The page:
5th July 2013
Stronger than anticipated US employment numbers failed to cheer the FTSE 100 on Friday as fears over the end of QE tightened. But despite a week of high volatility the blue-chip index managed to put on almost 3 per cent writes Philip Scott.
The top-flight index closed the week at 6,375.52, 46.15 points down on the day but up by 2.58 per cent during a roller-coaster week.
Figures released on Friday show that the US economy is continuing to generate jobs but not at a rate fast enough to reduce unemployment. The widely followed non-farm payroll came in better than expected with an increase of 195,000 in June.
Schroders’ chief economist Keith Wade says: “The market had been looking for a gain of 165,000. When combined with upward revisions to April and May, the net result was a level of employment some 100,000 higher than expected. Job growth was concentrated in retail, leisure and hospitality, construction and healthcare while the government and manufacturing sectors lost workers.
“While this is clearly positive, other elements of the report highlighted the challenges facing the economy with the unemployment rate remaining at 7.6 per cent as the participation rate increased.”
On Thursday the FTSE 100 closed 3 per cent better alongside other European stock markets. It rallied after the Bank of England and the European Central Bank offered reassurance over interest rates.
But the blue-chip index endured a bruising session on Wednesday, at one point losing almost 2 per cent in early trading as poor numbers from China, and the political storm in Egypt sent investors running.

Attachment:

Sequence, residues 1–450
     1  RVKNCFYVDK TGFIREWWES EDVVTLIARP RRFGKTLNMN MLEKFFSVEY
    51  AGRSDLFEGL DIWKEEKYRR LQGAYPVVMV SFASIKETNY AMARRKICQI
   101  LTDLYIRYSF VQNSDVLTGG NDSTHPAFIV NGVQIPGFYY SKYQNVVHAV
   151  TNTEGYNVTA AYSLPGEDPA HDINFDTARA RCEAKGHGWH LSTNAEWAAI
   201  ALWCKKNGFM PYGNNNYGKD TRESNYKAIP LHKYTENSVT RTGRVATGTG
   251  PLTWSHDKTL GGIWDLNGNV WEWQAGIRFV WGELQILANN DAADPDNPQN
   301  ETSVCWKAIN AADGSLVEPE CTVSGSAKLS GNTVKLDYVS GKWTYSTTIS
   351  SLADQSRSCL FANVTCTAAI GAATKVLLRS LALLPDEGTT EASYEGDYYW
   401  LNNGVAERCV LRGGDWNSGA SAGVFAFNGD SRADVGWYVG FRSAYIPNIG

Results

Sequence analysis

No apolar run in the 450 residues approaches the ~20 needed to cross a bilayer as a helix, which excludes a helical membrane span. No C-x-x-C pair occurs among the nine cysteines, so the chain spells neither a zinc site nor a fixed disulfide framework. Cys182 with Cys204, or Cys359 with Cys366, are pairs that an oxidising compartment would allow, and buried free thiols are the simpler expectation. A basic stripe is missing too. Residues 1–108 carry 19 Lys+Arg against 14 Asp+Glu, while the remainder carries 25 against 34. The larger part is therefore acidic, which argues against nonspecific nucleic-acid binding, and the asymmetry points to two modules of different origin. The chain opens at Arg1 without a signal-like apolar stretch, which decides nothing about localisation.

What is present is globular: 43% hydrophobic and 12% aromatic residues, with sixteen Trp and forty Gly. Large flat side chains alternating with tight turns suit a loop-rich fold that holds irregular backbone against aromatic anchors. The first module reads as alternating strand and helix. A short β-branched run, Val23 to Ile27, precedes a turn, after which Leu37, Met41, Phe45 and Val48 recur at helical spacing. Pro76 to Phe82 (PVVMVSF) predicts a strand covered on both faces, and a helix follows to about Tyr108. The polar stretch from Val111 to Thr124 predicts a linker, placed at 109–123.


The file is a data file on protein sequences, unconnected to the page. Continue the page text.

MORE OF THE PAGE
In China, the headline services Purchasing Managers Index figures dropped to a nine-month low of 53.9 in June, down from May’s number of 54.3 while the sub-index for construction fell to 59.3 from 62.2 in May further escalating concern over about a slowdown.
The miners, sensitive to any slowing in the world’s second largest economy, were the week’s steepest fallers, with Glencore Xstrata off 6 per cent at 256.85p and Anglo American down 4 per cent at 1,217p.
The week’s biggest riser was outsourcing giant Serco, up 9 per cent to 674p. News emerged that the firm, which manages London’s ‘Boris bike’ scheme, had landed a large US contract rumoured to be worth some $1.25bn. Elsewhere the London Stock Exchange Group after receiving a spate of positive broker comments surged just short of 9 per cent to close at 1,456p.
The banks enjoyed a week of gains too with Barclays and HSBC, despite a downgrade from Standard & Poor’s for the former, putting on 5 per cent each to close at 291.5p and 712.5p respectively. Standard Chartered added 3 per cent to 1,470p. Fellow taxpayer-backed banks, Lloyds Banking Group and Royal Bank of Scotland added 2 per cent at 64.63p and 1 per cent to 276.7p respectively.